Summer 2014 winds gave the 2015-16 El Niño a head start

Following a large westerly wind burst in February 2014, buzz developed that a strong El Niño event would occur in the following winter. However, during June and July of 2014, anomalous easterly winds along the equator occurred, forestalling the developing El Niño. While temperatures remained elevated across the equatorial Pacific during the winter of 2014-15, the atmosphere never coupled to the changes in the ocean, failing to bring further westerly wind anomalies, and an El Niño did not occur.

Winds speeds and temperature anomalies

Wind stress anomalies (upper figure) and potential temperature anomalies (lower figure) averaged over 120°E-80°W, 2°N-2°S from the NOAA Global Ocean Data Assimilation System (GODAS). The unexpected easterly wind anomalies in the boreal summer of 2014 acted to maintain the warm water anomalies at depth through to the boreal spring of 2015 . This additional warm water at depth gave the 2015-16 El Niño event a head start.

The anomalous easterly winds in the boreal summer of 2014 had an additional effect.  Specifically, the winds caused the anomalously warm subsurface water of the tropical Pacific—which presages an El Niño event and formed following the early 2014 westerly wind burst—to never discharge poleward, thereby remaining in the tropical Pacific. After westerly wind bursts occurred in the spring of 2015, this extra warm water acted to give a head start to the developing El Niño and contributed to the strength of the 2015-16 El Niño event.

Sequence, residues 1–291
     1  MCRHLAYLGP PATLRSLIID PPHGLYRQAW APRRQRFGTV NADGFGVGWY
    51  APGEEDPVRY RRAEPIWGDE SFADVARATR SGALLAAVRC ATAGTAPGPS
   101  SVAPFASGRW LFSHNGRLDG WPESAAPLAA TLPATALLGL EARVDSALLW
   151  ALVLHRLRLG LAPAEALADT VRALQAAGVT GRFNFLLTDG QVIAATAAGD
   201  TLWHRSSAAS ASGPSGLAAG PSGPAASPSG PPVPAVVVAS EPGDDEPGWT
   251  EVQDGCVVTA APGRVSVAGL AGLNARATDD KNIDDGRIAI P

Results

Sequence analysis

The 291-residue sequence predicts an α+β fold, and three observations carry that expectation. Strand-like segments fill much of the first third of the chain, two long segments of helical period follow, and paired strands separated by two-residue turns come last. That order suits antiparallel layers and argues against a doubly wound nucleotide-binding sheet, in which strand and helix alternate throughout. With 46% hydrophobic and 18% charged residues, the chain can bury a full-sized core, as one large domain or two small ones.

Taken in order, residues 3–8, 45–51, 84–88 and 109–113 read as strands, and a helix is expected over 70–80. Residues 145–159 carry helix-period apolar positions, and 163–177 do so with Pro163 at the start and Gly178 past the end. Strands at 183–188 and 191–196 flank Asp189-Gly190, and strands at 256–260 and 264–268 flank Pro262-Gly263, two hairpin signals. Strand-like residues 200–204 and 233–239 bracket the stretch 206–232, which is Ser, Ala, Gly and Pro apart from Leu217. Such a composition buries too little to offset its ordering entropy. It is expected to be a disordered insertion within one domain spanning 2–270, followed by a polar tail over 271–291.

Expanding on previous research, the authors found that when a strong easterly wind event occurs during the boreal summer of a growing El Niño event, not only does the easterly wind forcing decrease the likelihood of an El Niño event in the upcoming winter, but the same easterly wind event increases the likelihood of an El Niño event in the second winter because the anomalous subsurface warm water remains to give it a head start.

Written by
Aaron Levine, NOAA Pacific Marine Environmental Laboratory

Aaron F. Z. Levine and Michael J. McPhaden

NOAA Pacific Marine Environmental Laboratory